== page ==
Monday, January 31, 2005

Legal Code (1)

I have touched on the law's propensity to jargon. Much more important is code, in which practitioners know exactly what is meant, while the poor sods in the dock and the public gallery haven't a clue what's going on. Here's a taster: there will be more later.

"M'learned Friend" = The incompetent fool standing next to me.

"If Your Worship Pleases" = I am a proper barrister and I don't want you to confuse me with those oiks over there who should be back in their office writing wills or whatever it is they do.

"As you and your colleagues will of course be aware, Sir" = You silly old fools wouldn't know a legal argument if it crawled up your arse, so here's the law rendered fit for Daily Mail readers.

"My instructions are, Sir" = I hope you realise that I don't believe this crap either.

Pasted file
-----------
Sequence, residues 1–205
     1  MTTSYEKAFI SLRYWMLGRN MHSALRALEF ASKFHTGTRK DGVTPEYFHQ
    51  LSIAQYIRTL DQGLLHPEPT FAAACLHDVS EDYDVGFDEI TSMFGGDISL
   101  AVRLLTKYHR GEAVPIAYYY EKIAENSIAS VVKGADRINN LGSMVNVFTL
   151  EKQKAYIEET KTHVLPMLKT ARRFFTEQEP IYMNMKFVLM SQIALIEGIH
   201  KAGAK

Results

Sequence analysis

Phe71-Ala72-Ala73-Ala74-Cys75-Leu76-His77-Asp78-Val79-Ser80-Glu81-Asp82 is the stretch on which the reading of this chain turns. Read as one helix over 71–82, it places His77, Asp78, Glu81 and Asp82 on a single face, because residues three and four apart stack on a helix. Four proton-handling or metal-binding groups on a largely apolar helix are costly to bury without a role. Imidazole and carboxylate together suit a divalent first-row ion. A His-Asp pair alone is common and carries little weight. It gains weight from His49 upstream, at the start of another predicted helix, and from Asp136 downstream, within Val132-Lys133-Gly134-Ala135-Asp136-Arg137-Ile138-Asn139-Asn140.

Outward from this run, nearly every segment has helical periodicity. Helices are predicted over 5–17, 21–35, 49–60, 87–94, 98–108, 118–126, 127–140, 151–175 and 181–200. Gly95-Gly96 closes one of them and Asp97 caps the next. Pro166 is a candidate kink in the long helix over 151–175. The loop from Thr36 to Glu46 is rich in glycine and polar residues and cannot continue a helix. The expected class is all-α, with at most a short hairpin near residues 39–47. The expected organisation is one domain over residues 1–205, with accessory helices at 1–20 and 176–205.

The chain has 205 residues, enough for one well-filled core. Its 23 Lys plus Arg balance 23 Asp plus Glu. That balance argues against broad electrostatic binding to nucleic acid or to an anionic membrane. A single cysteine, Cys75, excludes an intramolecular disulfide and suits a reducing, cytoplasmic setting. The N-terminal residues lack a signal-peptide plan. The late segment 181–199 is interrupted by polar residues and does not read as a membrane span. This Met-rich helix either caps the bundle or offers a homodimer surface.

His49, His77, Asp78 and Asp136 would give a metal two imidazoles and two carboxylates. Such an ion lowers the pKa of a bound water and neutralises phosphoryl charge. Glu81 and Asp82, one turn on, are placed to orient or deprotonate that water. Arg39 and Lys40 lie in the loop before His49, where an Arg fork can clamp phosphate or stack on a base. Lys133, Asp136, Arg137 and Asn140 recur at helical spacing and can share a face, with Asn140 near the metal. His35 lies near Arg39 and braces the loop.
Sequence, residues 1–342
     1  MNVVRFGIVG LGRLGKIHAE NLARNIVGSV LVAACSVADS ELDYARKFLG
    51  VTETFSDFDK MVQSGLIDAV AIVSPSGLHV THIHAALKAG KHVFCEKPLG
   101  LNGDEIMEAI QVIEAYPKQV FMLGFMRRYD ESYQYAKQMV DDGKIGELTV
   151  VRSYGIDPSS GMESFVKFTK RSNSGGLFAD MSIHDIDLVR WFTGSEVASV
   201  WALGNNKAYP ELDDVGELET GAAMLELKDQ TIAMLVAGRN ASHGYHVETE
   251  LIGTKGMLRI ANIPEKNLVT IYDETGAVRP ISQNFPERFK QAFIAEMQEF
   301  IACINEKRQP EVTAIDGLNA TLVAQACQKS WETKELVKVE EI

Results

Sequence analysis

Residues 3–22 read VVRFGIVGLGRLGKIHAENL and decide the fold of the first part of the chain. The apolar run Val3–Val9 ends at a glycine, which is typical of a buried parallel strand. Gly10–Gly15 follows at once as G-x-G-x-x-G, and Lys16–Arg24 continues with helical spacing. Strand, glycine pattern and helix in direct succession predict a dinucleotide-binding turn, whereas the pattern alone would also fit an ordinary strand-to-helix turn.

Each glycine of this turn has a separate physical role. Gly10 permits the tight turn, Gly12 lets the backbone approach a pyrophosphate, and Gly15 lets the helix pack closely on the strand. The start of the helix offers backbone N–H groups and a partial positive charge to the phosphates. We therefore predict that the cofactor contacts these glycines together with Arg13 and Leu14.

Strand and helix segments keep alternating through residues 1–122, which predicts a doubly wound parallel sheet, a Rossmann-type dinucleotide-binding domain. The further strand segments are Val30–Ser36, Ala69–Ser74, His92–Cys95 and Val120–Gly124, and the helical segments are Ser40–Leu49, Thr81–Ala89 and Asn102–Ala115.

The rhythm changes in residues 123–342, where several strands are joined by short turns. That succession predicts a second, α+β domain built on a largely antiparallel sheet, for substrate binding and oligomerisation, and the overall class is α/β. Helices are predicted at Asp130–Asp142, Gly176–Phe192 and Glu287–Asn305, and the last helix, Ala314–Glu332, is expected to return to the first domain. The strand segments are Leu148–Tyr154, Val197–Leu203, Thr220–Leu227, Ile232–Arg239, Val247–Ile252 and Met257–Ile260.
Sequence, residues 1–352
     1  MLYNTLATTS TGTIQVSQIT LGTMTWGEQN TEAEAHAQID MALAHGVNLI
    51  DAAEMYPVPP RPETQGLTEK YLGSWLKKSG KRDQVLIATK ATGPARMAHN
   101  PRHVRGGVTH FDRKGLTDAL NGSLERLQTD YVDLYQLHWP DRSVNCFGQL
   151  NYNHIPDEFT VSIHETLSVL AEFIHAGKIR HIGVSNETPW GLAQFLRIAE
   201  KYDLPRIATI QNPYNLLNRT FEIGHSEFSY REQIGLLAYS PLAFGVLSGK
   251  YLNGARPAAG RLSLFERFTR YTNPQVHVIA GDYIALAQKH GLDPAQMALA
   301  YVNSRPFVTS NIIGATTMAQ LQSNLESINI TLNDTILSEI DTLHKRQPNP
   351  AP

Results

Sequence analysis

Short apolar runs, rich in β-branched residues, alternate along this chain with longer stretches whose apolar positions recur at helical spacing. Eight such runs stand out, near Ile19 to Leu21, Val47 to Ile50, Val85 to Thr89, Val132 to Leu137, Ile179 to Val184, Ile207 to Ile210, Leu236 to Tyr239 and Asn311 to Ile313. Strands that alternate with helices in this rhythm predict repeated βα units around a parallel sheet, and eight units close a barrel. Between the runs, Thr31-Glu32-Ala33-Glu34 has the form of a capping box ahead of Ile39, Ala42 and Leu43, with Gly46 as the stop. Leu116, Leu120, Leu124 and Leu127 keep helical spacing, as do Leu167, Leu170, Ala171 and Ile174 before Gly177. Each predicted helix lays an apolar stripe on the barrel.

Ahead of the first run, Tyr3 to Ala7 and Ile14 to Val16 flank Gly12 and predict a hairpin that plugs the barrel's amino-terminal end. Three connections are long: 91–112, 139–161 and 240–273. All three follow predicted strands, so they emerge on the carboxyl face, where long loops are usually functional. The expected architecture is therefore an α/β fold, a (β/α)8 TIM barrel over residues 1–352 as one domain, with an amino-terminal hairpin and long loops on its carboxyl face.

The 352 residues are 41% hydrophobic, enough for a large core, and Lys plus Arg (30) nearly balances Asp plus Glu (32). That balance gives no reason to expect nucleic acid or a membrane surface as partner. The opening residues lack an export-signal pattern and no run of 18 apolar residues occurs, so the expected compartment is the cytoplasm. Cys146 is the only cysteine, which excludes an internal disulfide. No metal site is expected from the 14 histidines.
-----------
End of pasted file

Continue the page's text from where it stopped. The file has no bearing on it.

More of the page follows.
"It is my hope that the Crown might feel able to take a certain course of action" = Are you going to drop it, or do I have to go through the process of getting it thrown out? If I do, I'm going to rub your nose in it.

"I am of course, mindful of the pressures on Court time" = I am seeing that delicious little Cambridge graduate who has applied for a pupillage at 6.30 in a pub in Chancery Lane. I want out of here, and I want it in the next five minutes.

"We are anxious to conclude matters today, Sir. My client is privately funding this case" = it was all that my clerk could do to screw five hundred quid out of this tosser. Please don't make me come back for a second day, because I think he has run out of money.

"I am grateful Sir" = I am not grateful. I am furious.

"I am grateful for the guidance from the learned clerk" = Bitch


  1. I wish I had read this before our hearing at the CAC. Then again, I would have been giggling like a loon at the coded speech. :)

  2. In the High Court "As your Lordship pleases" means "The Court of Appeal are going to give you a first-class bollocking about that ruling"

  3. steveoneale@aol.com2 August 2013 at 08:34

    Brought back memories with a smile. When Court Duty Probation Officer, it was fun to join in, especially at Crown Court.
    Stephen O'Neale


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